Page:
Natsubate and the Ibori Tree Market
Settle down at the back – ‘Natsubate/夏バテ’ (pronounced ‘nat-soo-bah-tay’) is a perfectly innocent portmanteau of the Japanese words ‘natsu/夏’ (summer) and ‘bate-ta/バテる’ (exhausted or worn out) and describes the lethargic malaise brought on by interminable hot ’n’ humid Japanese summers. Not something we have to worry about in early November; if you’re in the UK you might willingly trade today’s weather for a dose of heat exhaustion.
Wheeling and dealing in the scorching sun. Although most of the trees were being sold in lots in auction (hence the numbered tags/paddles), off to the sides separate deals were being made as buyers split lots and discussed prices.
Two nights earlier in Toyokawa, at the suggestion of our friends and hosts Alice and Tak, we had attempted to keep our humours in check with the traditional natsubate preventative: an unagi don (grilled eel and rice) supper. Though delicious, the anti-natsubate effects of the eel must have worn off by the time we arrived in Inazawa. No sooner had we stepped out of the air-conditioned minivan than the heat struck us like a blacksmith’s hammer, draining what little energy we had preserved for this last leg of our Japanese visit (more on this in future Niwaki publications – subscribe to our newsletter from the footer below to stay in the know).
Above: two potential buyers inspect a lot of Musella lasiocarpa aka Chinese dwarf banana. Such plants are representative of the trend towards the low-maintenance, Western-influenced planting that is increasingly popular in Japanese garden design.
You might hope that a tree market would be a shady place, but alas, on the whole the trees for sale at this market turned out to be relatively small (less than 1m in most cases).
Once upon a time Inazawa, north west of Nagoya, supplied a quarter of all garden trees in Japan. That’s a lot of trees. The rich soil of the nearby Kiso river provides an ideal environment for saplings, and even today the area maintains a respectable 15% share of the market.
The trees for sale have also changed with the times: at Ibori there is a definite emphasis on easy-to-manage plants to suit Western-influenced gardens, and indeed we were sorely disappointed not to find a single Cryptomeria japonica or even a Pinus thunbergii for sale during our visit (though we did speed past a nursery growing both on the way). Of course, there’s still a thriving market for our preferred style of ‘niwaki’ (garden tree) but it seemed on this particular day we were in the wrong place.
And my God the heat. My thick north European blood was not coping: my head acheth, my stomach doth (dith?) protest. Was it the (intentionally) undercooked chicken we had consumed the night before? No, this was different, and my focus shifted from the admittedly rather pedestrian tree selection to keeping cool. How were the regulars regulating, I wondered?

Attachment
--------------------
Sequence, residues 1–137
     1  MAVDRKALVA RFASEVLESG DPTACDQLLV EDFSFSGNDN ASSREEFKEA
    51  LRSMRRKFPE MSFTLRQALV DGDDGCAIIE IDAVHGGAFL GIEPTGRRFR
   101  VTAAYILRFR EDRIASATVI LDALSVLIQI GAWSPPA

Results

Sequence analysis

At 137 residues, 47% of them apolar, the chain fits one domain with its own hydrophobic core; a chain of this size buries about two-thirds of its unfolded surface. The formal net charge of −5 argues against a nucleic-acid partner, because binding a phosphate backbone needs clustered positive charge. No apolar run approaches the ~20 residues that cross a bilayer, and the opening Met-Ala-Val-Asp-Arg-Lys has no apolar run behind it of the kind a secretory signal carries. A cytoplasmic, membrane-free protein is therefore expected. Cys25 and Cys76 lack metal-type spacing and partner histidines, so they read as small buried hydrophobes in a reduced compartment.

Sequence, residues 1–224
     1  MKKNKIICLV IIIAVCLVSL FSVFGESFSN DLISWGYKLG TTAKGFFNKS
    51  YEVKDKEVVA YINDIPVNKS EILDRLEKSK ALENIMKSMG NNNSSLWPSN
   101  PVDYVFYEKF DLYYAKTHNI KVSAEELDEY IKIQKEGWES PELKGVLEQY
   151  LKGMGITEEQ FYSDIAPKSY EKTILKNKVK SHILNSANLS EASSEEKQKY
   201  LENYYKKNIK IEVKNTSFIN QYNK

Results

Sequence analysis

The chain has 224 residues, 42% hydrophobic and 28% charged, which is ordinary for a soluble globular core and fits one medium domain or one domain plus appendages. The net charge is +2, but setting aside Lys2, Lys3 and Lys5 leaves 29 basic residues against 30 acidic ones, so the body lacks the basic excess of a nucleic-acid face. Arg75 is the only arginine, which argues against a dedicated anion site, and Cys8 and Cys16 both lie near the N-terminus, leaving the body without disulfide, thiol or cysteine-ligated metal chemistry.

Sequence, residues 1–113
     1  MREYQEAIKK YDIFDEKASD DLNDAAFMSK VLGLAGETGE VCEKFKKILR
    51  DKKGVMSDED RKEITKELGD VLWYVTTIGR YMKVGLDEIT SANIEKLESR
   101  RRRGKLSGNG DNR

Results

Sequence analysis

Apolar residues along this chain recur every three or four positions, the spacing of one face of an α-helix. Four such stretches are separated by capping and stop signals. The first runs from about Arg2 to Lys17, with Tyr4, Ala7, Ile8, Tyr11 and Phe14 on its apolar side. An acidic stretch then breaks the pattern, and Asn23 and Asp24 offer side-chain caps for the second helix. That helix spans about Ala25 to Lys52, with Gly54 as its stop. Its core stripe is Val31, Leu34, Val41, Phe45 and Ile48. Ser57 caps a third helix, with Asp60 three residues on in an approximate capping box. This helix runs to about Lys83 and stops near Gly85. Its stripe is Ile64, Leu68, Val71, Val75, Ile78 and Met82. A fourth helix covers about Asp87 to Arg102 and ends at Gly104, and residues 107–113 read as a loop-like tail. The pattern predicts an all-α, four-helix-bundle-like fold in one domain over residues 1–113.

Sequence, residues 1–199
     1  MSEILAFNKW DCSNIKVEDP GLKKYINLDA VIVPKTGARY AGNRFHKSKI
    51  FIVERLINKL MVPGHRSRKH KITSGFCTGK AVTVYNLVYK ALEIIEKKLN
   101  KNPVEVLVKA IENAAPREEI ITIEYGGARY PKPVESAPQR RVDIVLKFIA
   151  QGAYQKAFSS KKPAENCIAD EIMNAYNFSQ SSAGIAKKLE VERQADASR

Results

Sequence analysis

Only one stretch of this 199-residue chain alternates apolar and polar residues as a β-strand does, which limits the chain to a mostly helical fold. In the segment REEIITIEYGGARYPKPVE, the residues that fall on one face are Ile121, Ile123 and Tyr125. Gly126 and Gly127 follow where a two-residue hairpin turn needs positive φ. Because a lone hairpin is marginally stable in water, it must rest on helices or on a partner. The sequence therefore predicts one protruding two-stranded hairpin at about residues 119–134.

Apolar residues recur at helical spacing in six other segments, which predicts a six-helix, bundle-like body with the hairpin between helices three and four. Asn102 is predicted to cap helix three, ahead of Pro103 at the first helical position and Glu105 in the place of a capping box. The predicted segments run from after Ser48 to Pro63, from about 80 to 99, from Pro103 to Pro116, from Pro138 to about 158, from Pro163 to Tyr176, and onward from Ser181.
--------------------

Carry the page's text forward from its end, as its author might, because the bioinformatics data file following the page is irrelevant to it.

Tough guys wear Takumi-style jackets and trousers and laugh in the face of sunburn.
Some of the harder guys – and it was mostly guys – let the sun do its worst without any more protection than their standard issue pale work suit provided (the inspiration for our Takumi Rip-Stop jackets and trousers - see below). For the most part sensible wide-brimmed hats and cold oolong tea were the order of the day. The next level of protection came from towels and tenugui (see below for Niwaki’s tenugui selection), soaked in water and draped across heads.
The smartest solutions in evidence were technology based. Not a million miles from the homemade tinfoil helmet of a paranoiac, silvered hats constructed from material that looked like the inside of a Niwaki Lunch Bag. Jake spent a long time chatting with one such be-foiled fellow giving me ample time to admire his hat. A future Niwaki product perhaps?
Foil to keep the sun at bay AND stop the aliens scrambling your brain
The most exciting innovations – and a potential game changer for gardeners around the world as the world warms – were the self-cooling work vests. Battery-powered fans keep air moving around the core, giving the wearer a slightly inflated appearance. It’s the same principle as the extra baggy Tobizubon work trousers, also in evidence, upgraded for the Anthropocene.
Temperature-regulation aside, the coolest guy in the whole market had bagged a coveted shady spot and was overseeing proceedings with nonchalant calm. When I asked to take his picture he gave an almost imperceptible shrug of assent and continued his watch, letting me grab a few frames without ever looking my way again.
As we retreated to the shade and air-con of the minivan, admitting defeat, I wondered if the real secret to staying cool was thinking cool. Mind over matter, or perhaps sense over centigrade. Next time I’ll be prepared … now, how to make it through the winter?
The getaway vans: modest, economical and above all functional Kei trucks and similar work vehicles.